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Orange Announces the Future and it is Unique?

Orange, one of the worlds largest mobile communications providers has announced that starting next month the company will be offering Unique a converged VoIP/Mobile telephony offering in the UK and other select European markets. In another step towards making Fixed/Mobile Convergence (FMC) a reality, Unique will allow a user to make VoIP calls over a WiFi network and GSM calls when a WiFi network is not available. At home, the mobile handset connects in WiFi mode to the Orange Livebox and calls are routed via the Internet, offering enhanced coverage inside the house. Outside, Unique phone works just like a standard mobile, with calls routed via the mobile network. Unique offers one phone, one number, and one bill. Unique will be available with three different phones, one from Nokia, Samsung, and Motorola.

Unique phone allows customers to move freely between the mobile and home networks without interrupting their conversation. A call made at home automatically switches over to the Orange mobile network when you leave the house. Furthermore, a call initiated at home remains covered by the unlimited offer even when you leave your home. A symbol on the phone’s screen constantly informs customers of the network they are connected to.

Each home can have up to six Unique phones, with three people able to make calls or surf the net at the same time. Because it uses the Orange Livebox to route calls at home, Unique phone also offers customers enhanced coverage and faster access to Orange mobile data services including Orange World, picture and video messaging, mobile email and the mobile internet.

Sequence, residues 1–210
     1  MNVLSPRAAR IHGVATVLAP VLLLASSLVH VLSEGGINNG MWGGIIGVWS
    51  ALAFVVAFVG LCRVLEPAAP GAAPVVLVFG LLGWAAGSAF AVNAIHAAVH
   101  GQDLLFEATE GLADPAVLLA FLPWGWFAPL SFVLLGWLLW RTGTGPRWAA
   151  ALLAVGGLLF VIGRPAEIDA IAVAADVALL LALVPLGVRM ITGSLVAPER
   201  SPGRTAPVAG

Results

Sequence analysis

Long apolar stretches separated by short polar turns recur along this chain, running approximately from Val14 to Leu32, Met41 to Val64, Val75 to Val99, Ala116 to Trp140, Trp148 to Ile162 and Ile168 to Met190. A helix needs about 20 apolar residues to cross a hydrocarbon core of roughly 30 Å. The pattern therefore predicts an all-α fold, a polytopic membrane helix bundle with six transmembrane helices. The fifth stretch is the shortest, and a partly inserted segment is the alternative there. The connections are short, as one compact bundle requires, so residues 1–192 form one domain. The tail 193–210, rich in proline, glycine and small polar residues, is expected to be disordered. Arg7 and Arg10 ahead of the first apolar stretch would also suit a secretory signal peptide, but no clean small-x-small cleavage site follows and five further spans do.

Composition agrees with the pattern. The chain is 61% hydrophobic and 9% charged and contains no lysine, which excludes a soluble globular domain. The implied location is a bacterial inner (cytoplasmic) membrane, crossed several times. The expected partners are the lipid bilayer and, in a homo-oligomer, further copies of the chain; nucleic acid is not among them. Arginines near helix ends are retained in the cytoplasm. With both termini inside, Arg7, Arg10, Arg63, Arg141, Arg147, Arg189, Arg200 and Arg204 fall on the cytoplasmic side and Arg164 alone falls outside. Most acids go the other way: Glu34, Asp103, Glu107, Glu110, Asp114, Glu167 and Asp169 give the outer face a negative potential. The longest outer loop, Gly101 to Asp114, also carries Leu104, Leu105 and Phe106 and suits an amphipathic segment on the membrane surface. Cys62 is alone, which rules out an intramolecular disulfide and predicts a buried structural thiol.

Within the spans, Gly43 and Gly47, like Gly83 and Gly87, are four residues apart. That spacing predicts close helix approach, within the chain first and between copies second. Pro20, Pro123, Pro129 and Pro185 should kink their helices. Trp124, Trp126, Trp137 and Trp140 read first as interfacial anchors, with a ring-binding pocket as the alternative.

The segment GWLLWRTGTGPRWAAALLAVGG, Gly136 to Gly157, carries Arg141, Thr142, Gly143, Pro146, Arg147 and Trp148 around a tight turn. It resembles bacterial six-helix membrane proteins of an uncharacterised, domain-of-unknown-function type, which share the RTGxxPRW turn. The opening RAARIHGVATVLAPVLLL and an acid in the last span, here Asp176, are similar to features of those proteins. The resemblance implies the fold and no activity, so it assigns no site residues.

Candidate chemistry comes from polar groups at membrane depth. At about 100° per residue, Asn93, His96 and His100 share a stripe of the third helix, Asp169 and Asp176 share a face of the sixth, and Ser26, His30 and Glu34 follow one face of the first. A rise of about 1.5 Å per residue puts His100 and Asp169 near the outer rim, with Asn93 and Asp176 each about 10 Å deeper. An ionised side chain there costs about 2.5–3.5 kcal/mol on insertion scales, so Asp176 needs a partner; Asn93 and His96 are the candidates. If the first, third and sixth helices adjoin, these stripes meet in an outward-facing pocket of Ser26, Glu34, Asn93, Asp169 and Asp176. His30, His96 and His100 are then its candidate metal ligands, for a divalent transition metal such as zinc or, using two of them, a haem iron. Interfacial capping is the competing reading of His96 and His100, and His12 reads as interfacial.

Let’s hope that the rash of European providers who are getting into the FMC game work out all of the bugs for all of us in North America, so that when one of our carrier finally deploys FMC over a wide area, we do not have to suffer like we did when cellular phones first launched.

Garrett Smith

Garrett Smith is a Technology Marketing and Sales Professional

This Post Has 2 Comments

  1. mgeddes

    …and the end-user value of the service would be?

    (“Calling over WiFi!” is a value-subtract, all other things being equal, as users have to now worry about whether they need concern themselves with the bearer, a matter they took for granted with plain GSM.)

    Plus a choice of three phones — no doubt the public will be impressed.

  2. Garrett Smith

    True but do all end-users think like this? I think end-users primarily see the things that Orange is marketing to: one number, one bill, one phone.

    I doubt the average consumer “knows” what they are getting into when it comes to dual-mode phones and FMC. I am sure there is going to me a lot of pain, as I why I pointed out that I hope the Europeans can get it “right” before US providers roll it out in the US.

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